This paper presents LatInfLexi, a large inflected lexicon of Latin providing information on all the inflected wordforms of 3,348 verbs and 1,038 nouns. After a description of the structure of the resource and some data on its size, the procedure followed to obtain the lexicon from the database of the Lemlat 3.0 morphological analyzer is detailed, as well as the choices made regarding overabundant and defective cells. The way in which the data of LatInfLexi can be exploited in order to perform a quantitative assessment of predictability in Latin verb inflection is then illustrated: results obtained by computing the conditional entropy of guessing the content of a paradigm cell assuming knowledge of one wordform or multiple wordforms are presented in turn, highlighting the descriptive and theoretical relevance of the analysis. Lastly, the paper envisages the advantages of an inclusion of LatInfLexi into the LiLa knowledge base, both for the presented resource and for the knowledge base itself.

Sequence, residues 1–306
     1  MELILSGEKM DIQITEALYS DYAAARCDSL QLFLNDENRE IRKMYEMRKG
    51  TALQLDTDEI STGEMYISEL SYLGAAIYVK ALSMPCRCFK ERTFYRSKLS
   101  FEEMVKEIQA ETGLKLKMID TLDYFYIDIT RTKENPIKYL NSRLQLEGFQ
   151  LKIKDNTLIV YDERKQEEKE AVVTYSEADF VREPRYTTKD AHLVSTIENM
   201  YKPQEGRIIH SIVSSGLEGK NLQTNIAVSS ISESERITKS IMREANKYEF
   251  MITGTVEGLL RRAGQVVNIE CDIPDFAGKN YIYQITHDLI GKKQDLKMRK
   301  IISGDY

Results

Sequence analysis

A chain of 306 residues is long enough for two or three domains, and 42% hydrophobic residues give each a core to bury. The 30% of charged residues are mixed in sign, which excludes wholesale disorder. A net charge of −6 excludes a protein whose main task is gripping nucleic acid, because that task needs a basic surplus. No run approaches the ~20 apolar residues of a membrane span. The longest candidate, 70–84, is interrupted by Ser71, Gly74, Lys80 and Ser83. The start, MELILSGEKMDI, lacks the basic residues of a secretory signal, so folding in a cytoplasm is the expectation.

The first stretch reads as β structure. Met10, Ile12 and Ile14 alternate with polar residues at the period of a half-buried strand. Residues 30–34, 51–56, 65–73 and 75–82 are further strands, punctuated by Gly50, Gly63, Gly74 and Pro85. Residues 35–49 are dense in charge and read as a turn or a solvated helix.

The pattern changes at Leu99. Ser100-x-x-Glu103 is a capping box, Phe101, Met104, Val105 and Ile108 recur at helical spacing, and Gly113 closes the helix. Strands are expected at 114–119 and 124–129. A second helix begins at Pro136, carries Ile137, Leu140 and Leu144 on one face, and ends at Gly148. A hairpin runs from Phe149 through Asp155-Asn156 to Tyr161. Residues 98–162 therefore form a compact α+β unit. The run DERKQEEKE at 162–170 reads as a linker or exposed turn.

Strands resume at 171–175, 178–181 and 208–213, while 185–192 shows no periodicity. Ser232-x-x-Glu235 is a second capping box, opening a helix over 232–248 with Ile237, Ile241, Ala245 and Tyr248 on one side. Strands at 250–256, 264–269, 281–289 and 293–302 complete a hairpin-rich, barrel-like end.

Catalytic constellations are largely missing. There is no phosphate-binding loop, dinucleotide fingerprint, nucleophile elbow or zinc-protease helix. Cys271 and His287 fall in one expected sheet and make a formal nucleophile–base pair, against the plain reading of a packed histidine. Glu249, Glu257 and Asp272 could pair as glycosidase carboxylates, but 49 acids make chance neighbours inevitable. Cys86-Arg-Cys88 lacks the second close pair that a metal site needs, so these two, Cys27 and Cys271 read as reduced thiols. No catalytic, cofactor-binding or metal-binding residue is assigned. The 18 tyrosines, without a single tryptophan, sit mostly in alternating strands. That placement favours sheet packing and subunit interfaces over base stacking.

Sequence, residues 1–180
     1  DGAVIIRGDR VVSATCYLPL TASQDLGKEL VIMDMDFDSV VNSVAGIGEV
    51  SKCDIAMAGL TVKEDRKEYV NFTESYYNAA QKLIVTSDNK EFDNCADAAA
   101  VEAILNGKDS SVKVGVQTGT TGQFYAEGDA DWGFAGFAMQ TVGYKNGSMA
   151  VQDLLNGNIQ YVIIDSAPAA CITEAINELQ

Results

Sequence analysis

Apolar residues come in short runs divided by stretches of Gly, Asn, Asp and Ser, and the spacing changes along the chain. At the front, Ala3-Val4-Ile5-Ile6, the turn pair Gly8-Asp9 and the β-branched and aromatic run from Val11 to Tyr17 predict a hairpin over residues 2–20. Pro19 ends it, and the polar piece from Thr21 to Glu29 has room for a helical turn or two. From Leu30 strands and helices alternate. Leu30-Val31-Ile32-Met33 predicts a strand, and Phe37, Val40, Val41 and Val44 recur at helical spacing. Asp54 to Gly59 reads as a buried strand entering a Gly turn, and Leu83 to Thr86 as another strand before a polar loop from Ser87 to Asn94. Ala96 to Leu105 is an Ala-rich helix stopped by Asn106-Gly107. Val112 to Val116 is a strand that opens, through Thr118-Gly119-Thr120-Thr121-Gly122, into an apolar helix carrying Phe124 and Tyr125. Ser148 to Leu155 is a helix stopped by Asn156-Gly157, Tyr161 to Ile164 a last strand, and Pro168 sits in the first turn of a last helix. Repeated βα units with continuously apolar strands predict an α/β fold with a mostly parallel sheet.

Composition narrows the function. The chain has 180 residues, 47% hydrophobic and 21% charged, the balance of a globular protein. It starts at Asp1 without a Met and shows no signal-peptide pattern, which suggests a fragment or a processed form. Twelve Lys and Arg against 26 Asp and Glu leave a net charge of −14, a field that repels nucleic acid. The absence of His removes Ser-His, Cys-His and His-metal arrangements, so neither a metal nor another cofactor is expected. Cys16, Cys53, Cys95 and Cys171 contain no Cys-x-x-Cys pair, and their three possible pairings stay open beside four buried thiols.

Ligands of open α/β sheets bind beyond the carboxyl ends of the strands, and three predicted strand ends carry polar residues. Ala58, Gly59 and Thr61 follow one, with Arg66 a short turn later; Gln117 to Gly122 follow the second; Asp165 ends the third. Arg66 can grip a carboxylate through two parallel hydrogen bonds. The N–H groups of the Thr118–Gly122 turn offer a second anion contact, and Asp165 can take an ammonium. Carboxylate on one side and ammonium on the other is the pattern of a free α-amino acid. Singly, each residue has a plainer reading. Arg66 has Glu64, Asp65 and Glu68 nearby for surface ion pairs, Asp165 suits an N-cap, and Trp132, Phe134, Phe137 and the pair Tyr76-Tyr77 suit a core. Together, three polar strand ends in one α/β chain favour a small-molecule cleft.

Optical character recognition (OCR) for historical documents is a complex procedure subject to a unique set of material issues, including inconsistencies in typefaces and low quality scanning. Consequently, even the most sophisticated OCR engines produce errors. This paper reports on a tool built for postediting the output of Tesseract, more specifically for correcting common errors in digitized historical documents. The proposed tool suggests alternatives for word forms not found in a specified vocabulary. The assumed error is replaced by a presumably correct alternative in the post-edition based on the scores of a Language Model (LM). The tool is tested on a chapter of the book An Essay Towards Regulating the Trade and Employing the Poor of this Kingdom (Cary, 1719). As demonstrated below, the tool is successful in correcting a number of common errors. If sometimes unreliable, it is also transparent and subject to human intervention.